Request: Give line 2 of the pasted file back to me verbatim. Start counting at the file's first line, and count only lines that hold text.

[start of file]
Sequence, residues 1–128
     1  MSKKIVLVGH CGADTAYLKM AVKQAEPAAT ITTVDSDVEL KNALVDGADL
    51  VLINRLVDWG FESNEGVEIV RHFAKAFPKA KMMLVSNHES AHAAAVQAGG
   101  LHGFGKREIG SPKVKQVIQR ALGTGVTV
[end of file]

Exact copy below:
     1  MSKKIVLVGH CGADTAYLKM AVKQAEPAAT ITTVDSDVEL KNALVDGADL